Developments in Antibacterial Disinfection Techniques: Applications of Nanotechnology

Developments in Antibacterial Disinfection Techniques: Applications of Nanotechnology

Nicolas Augustus Rongione (University of Miami, USA), Scott Alan Floerke (University of Miami, USA) and Emrah Celik (University of Miami, USA)
Copyright: © 2017 |Pages: 19
DOI: 10.4018/978-1-5225-0585-3.ch009
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One of the most daunting challenges facing nations today is controlling the spread of increasingly lethal bacteria. Today, a handful of bacteria can no longer be treated with traditional antibiotics and show antibacterial resistance. In this regard, nanotechnology possesses tremendous potential for the development of novel tools which help prevent and combat the spread of unwanted microorganisms. These tools can provide unique solutions for the challenges of the traditional disinfection methods, such as increased antibacterial activity, cost reduction, biocompatibility and personalized treatment. Despite its great potential, nanotechnology remains in its infancy and continued research efforts are required to achieve its full potential. In this chapter, traditional methods and their associated limitations are reviewed for their efficacy against microbial spread, and potential solutions in nanotechnology are described. A review of the state of the art disinfection techniques using nanotechnology is presented, and promising new areas in the field are discussed.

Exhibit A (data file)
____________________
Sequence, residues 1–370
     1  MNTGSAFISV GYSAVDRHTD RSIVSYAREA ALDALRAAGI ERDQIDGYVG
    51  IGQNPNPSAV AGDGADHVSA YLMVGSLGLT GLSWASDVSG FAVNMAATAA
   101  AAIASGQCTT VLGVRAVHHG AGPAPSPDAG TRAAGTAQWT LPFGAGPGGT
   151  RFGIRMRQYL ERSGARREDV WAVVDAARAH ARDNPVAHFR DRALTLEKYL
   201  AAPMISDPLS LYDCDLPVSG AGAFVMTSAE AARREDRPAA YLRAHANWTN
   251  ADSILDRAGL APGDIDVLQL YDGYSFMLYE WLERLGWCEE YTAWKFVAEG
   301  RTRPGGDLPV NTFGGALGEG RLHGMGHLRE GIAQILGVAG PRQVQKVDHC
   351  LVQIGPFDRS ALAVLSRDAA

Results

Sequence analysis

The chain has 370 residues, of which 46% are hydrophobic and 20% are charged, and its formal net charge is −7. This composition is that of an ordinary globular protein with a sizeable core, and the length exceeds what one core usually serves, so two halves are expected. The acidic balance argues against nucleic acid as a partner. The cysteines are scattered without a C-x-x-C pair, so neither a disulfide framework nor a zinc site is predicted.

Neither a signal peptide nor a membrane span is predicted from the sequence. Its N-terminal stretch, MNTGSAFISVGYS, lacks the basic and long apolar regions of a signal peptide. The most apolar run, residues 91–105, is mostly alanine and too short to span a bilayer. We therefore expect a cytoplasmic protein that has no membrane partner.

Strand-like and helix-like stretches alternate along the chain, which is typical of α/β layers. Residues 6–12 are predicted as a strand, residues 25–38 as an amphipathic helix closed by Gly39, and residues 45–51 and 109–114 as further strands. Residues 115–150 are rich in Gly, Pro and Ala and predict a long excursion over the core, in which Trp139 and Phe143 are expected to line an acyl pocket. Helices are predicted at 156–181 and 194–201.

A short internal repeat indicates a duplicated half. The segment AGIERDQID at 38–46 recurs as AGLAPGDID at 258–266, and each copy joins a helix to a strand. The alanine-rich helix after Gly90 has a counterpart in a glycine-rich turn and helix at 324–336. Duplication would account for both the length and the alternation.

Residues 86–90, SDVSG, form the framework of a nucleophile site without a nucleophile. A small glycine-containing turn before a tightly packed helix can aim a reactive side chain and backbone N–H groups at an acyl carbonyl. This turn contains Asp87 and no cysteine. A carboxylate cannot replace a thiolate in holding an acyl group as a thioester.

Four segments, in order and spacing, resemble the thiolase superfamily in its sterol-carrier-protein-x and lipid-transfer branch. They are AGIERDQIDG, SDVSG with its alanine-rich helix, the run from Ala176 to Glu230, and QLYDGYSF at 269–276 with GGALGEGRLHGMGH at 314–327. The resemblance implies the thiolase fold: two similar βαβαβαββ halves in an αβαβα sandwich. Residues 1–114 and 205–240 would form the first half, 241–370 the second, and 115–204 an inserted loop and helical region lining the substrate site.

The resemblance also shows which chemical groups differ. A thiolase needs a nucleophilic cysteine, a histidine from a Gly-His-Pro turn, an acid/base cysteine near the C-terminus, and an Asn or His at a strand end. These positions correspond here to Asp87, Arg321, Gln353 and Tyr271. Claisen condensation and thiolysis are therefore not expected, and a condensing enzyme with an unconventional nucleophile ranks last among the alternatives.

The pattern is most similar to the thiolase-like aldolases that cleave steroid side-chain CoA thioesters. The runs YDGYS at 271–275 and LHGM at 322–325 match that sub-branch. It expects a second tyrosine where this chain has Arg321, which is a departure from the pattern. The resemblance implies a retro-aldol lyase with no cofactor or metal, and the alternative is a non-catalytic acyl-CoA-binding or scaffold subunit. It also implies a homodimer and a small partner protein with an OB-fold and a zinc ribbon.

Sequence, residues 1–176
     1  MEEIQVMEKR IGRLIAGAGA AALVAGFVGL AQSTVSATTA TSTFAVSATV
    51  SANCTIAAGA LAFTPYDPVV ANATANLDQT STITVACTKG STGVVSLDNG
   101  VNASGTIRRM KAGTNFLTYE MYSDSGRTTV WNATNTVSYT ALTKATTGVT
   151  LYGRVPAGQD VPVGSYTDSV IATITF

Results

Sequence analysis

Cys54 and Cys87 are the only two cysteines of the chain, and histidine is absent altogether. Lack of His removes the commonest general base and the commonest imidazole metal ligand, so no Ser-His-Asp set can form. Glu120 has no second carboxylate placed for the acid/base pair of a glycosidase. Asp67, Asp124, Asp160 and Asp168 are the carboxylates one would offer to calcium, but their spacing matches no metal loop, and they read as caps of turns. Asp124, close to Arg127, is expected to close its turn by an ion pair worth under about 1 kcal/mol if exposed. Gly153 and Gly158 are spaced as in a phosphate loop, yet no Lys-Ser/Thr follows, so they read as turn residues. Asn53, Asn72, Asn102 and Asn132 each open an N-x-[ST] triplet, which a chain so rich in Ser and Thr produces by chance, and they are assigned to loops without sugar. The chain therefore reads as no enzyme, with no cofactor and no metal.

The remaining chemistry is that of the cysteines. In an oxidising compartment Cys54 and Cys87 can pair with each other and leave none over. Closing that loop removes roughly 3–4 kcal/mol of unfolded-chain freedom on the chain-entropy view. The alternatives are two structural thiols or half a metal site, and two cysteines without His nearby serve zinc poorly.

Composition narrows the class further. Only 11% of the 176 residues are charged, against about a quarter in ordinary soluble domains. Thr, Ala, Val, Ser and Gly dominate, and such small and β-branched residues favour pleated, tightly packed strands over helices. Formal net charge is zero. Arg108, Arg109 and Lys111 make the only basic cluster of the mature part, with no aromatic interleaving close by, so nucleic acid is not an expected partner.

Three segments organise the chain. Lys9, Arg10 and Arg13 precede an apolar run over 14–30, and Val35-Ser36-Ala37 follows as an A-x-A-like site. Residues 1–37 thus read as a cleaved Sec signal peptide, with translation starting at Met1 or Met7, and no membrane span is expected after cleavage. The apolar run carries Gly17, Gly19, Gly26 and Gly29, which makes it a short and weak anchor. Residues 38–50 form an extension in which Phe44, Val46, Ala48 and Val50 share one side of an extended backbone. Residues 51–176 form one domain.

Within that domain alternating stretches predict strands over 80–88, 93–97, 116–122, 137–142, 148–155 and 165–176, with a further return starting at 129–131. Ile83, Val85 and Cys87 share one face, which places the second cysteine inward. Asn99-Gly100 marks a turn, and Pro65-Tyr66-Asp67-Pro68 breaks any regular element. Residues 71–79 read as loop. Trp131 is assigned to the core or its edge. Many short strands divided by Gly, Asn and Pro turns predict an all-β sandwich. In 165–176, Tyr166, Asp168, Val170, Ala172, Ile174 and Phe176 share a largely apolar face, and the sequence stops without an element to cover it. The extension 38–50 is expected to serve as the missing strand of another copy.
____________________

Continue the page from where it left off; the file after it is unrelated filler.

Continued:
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Introduction And Background

Colonization of surfaces by infectious microbes is a serious threat to public health (Beyth, Houri-Haddad, Domb, Khan, & Hazan, 2015; Guo, Yuan, Lu, & Li, 2013). The family of microbes consists of bacteria, fungi, and other protozoans. Individuals coming into contact with a surface hosting these microorganisms may become infected and mobile carriers of diseases. In the modern era, such individuals can cross state lines and international borders in remarkably short time periods and therefore, microbes can travel thousands of miles alongside human passengers to foreign soil. Consequently, the task of tracking and preventing outbreaks of disease is even more formidable than in past years.

Microbes are ubiquitous organisms. They infest a variety of surfaces, from tools to hospital walls. Today, once a surface becomes contaminated, the proper response is to dispose of it. However, cost is a major concern in this procedure and it may not be a long term solution to disinfect the environment. As an example, washing hands becomes relatively ineffective if the working environment is heavily infested with microbes, such as has been the case with methicillin-resistant Staphylococcus aureus (MRSA) in hospitals, (Page, Wilson, & Parkin, 2009).